This is the full PDF of the 2016 edition of Joint U.S.-Korea Academic Studies. Please click here to download the individual chapters included in this publication.
Since our founding in 1982, the work of the Korea Economic Institute of America (KEI) has progressed to reflect the evolving nature of United States-Republic of Korea relations. Though many of the issues on which we seek to raise public discourse have transformed over the years, the same natural convergence of values continues to underpin the understanding and trust between our two peoples. Upholding our commitment to positive change based on a strong foundation of shared interests, KEI was excited to have a new partner in 2016 for our Academic Symposium, through which we strive to be a bridge between the academic and policy communities.
This year, KEI traveled to Atlanta, Georgia to host part of our Academic Symposium at the International Studies Association (ISA) conference. The annual conference features international affairs scholars from around the world with a wide range of research interests and regional specializations to present papers and discussions on contemporary issues in their fields. We were pleased to contribute two panels on recent significant developments in Northeast Asia. Moreover, for the first time as part of our Academic Symposium, two panels were held in our Washington, D.C. office along with the two in Atlanta.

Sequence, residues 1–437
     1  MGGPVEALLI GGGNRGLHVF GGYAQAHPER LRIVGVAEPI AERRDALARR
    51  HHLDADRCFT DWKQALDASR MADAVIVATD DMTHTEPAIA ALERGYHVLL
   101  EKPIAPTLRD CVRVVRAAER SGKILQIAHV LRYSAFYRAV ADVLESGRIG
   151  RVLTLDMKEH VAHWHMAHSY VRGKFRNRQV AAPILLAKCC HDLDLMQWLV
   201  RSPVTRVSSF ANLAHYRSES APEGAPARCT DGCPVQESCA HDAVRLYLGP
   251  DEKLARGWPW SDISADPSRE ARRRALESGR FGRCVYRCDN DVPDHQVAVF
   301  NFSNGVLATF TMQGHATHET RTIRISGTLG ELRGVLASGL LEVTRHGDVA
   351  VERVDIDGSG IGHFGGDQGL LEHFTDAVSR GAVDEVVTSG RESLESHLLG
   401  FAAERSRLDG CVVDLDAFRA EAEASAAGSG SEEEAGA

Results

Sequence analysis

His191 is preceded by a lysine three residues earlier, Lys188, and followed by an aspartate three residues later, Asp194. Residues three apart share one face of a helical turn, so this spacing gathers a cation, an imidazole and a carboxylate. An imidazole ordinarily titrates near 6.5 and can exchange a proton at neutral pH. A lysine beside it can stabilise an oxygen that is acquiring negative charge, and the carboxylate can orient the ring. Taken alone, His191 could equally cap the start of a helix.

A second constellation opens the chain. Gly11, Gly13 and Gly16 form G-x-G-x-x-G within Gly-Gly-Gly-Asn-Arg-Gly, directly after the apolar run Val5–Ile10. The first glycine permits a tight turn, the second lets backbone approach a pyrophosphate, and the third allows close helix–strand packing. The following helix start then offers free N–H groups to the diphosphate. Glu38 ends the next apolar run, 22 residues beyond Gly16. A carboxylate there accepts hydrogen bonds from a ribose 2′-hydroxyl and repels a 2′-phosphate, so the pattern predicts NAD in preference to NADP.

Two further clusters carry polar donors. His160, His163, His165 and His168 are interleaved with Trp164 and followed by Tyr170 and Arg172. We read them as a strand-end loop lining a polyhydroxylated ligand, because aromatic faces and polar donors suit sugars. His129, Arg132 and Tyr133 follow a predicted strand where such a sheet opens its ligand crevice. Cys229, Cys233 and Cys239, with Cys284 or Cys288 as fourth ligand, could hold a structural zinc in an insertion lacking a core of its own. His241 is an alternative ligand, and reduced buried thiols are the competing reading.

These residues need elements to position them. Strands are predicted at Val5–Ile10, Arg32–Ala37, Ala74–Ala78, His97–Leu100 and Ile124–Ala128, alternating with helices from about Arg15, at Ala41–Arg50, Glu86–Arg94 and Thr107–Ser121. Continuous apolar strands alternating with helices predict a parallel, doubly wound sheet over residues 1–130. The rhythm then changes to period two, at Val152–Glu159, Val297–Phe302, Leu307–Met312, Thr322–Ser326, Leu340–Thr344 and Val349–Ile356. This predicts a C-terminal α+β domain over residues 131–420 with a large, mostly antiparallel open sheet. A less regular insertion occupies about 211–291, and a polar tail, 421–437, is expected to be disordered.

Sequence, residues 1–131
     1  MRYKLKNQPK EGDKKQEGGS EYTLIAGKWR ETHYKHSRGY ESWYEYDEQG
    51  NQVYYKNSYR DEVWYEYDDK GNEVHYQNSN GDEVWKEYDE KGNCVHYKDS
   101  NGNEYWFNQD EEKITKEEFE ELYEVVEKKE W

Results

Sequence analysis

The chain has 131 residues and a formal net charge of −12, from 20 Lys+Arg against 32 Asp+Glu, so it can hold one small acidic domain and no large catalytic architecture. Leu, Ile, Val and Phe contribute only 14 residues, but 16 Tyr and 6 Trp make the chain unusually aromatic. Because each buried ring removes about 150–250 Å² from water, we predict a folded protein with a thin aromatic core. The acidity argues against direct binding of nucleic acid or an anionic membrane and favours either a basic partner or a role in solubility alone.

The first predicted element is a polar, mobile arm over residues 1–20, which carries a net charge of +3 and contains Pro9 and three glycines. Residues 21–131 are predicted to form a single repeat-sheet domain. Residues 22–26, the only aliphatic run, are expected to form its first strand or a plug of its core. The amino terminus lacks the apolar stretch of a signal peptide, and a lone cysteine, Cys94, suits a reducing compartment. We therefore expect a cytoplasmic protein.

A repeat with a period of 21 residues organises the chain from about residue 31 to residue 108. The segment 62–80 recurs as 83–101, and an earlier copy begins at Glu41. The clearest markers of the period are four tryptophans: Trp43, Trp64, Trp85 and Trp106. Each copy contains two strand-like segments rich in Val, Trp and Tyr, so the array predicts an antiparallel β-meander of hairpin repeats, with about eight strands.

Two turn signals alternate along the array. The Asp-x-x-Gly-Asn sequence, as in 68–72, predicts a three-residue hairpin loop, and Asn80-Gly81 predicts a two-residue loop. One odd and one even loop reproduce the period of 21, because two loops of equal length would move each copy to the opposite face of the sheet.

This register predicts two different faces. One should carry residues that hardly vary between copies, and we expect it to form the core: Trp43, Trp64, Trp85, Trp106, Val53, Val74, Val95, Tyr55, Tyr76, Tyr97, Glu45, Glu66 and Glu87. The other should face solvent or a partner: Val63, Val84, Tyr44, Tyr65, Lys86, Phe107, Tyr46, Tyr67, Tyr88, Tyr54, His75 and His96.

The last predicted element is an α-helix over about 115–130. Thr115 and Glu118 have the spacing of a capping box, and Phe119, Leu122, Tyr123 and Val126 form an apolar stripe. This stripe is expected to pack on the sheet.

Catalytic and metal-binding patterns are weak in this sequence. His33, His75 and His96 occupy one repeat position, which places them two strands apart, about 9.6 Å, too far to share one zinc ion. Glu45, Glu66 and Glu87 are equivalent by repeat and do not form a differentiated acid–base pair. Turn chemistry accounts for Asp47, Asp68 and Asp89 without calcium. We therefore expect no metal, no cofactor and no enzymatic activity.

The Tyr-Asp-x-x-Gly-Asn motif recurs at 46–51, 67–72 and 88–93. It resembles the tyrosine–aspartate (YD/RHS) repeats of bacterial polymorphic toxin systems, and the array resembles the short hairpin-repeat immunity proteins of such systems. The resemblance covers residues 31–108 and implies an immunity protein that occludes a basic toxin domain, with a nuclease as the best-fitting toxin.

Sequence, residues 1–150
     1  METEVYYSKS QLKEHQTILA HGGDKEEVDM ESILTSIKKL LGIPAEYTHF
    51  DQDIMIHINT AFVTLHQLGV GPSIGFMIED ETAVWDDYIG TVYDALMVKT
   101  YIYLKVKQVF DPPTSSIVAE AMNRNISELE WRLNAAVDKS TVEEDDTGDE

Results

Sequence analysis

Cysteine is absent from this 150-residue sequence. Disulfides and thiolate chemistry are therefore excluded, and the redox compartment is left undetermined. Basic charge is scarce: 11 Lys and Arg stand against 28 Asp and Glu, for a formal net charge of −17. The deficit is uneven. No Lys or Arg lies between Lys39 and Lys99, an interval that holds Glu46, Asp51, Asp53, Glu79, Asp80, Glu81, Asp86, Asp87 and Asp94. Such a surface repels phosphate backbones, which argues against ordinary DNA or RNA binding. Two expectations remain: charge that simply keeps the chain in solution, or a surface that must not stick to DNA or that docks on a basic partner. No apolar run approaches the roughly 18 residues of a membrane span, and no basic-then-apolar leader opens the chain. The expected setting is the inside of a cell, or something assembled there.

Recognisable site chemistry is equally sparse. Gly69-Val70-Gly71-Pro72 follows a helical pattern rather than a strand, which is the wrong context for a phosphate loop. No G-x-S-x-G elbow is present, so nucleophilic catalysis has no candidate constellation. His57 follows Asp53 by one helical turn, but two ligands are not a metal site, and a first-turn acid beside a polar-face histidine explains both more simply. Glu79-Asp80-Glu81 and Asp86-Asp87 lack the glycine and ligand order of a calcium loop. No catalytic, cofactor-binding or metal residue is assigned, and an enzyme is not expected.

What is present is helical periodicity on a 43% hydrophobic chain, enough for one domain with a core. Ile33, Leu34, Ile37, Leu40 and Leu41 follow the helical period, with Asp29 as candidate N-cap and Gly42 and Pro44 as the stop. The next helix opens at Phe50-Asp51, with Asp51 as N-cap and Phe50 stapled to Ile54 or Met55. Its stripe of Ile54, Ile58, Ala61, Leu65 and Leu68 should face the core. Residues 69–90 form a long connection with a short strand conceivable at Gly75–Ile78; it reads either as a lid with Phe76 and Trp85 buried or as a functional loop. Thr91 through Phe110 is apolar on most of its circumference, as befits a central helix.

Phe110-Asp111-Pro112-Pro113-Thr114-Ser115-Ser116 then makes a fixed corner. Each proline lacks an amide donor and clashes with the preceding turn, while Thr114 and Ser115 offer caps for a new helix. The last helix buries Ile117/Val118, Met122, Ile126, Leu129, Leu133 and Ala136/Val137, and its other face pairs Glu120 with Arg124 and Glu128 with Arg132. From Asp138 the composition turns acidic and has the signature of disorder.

Although the setting for this year’s Academic Symposium may have changed, KEI again turned to the skills and insights of Dr. Gilbert Rozman, the emeritus Musgrave Professor of Sociology at Princeton University, to serve as the Editor-in-Chief for this Joint U.S.- Korea Academic Studies volume and as an advisor to KEI’s programs at the ISA conference. This collaboration has once more brought together an excellent group of scholars and practitioners.
The experts in this volume have thoughtfully addressed large, challenging themes that are pervasive throughout Asia and important for the U.S.-Korea alliance. China’s rise has garnered much attention, yet in the academic literature Beijing’s security intentions in Northeast Asia have tended to be overshadowed, a topic addressed in the first section. Major developments in South Korea-Japan relations over the past year, particularly the December 2015 agreement to address the “comfort women” issue, have led the authors in the second section to explore how the interaction with the other country factors into the national identity of each. Over the past year we have witnessed an increase in provocations by North Korea, met with increasingly punitive measures from the international community targeting its access to outside markets. Key to understanding how effective these efforts can be are the economic relationships the DPRK has with its neighbors, discussed in the third section. The final section looks to how the regional economic architecture in East Asia might be shaped in the future, a particularly timely discussion as the fate of the Trans- Pacific Partnership remains uncertain as this volume goes to print.
Whether our connection with you is new or continuing, we hope you enjoy the 27th edition of the Joint U.S.-Korea Academic Studies volume and the excellent work it contains.
– The Honorable Donald Manzullo
President & CEO, Korea Economic Institute of America